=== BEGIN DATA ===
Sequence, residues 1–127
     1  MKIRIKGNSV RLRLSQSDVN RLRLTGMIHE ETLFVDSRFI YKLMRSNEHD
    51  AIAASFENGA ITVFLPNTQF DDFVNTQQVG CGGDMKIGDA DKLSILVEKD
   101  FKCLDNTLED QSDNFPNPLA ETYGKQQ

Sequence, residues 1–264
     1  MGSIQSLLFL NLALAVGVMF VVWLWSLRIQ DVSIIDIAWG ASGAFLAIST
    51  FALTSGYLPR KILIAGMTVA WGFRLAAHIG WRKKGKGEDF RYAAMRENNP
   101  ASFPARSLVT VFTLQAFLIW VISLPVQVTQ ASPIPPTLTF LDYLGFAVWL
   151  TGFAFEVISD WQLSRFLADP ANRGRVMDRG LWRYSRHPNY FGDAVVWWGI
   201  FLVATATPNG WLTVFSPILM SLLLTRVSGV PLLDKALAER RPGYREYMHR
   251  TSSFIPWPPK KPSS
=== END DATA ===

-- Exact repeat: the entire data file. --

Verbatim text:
Sequence, residues 1–127
     1  MKIRIKGNSV RLRLSQSDVN RLRLTGMIHE ETLFVDSRFI YKLMRSNEHD
    51  AIAASFENGA ITVFLPNTQF DDFVNTQQVG CGGDMKIGDA DKLSILVEKD
   101  FKCLDNTLED QSDNFPNPLA ETYGKQQ

Sequence, residues 1–264
     1  MGSIQSLLFL NLALAVGVMF VVWLWSLRIQ DVSIIDIAWG ASGAFLAIST
    51  FALTSGYLPR KILIAGMTVA WGFRLAAHIG WRKKGKGEDF RYAAMRENNP
   101  ASFPARSLVT VFTLQAFLIW VISLPVQVTQ ASPIPPTLTF LDYLGFAVWL
   151  TGFAFEVISD WQLSRFLADP ANRGRVMDRG LWRYSRHPNY FGDAVVWWGI
   201  FLVATATPNG WLTVFSPILM SLLLTRVSGV PLLDKALAER RPGYREYMHR
   251  TSSFIPWPPK KPSS